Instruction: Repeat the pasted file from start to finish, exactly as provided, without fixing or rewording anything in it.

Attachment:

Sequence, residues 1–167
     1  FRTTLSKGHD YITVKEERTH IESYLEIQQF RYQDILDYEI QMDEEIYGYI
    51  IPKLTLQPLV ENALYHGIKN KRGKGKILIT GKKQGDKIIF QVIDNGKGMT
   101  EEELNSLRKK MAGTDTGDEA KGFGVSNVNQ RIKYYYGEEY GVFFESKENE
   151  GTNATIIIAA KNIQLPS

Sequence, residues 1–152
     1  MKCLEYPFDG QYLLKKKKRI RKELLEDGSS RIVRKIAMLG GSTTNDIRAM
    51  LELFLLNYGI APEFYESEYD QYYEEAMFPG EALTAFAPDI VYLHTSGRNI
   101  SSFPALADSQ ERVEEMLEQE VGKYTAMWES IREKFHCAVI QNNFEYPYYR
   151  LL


Sequence, residues 1–167
     1  FRTTLSKGHD YITVKEERTH IESYLEIQQF RYQDILDYEI QMDEEIYGYI
    51  IPKLTLQPLV ENALYHGIKN KRGKGKILIT GKKQGDKIIF QVIDNGKGMT
   101  EEELNSLRKK MAGTDTGDEA KGFGVSNVNQ RIKYYYGEEY GVFFESKENE
   151  GTNATIIIAA KNIQLPS

Sequence, residues 1–152
     1  MKCLEYPFDG QYLLKKKKRI RKELLEDGSS RIVRKIAMLG GSTTNDIRAM
    51  LELFLLNYGI APEFYESEYD QYYEEAMFPG EALTAFAPDI VYLHTSGRNI
   101  SSFPALADSQ ERVEEMLEQE VGKYTAMWES IREKFHCAVI QNNFEYPYYR
   151  LL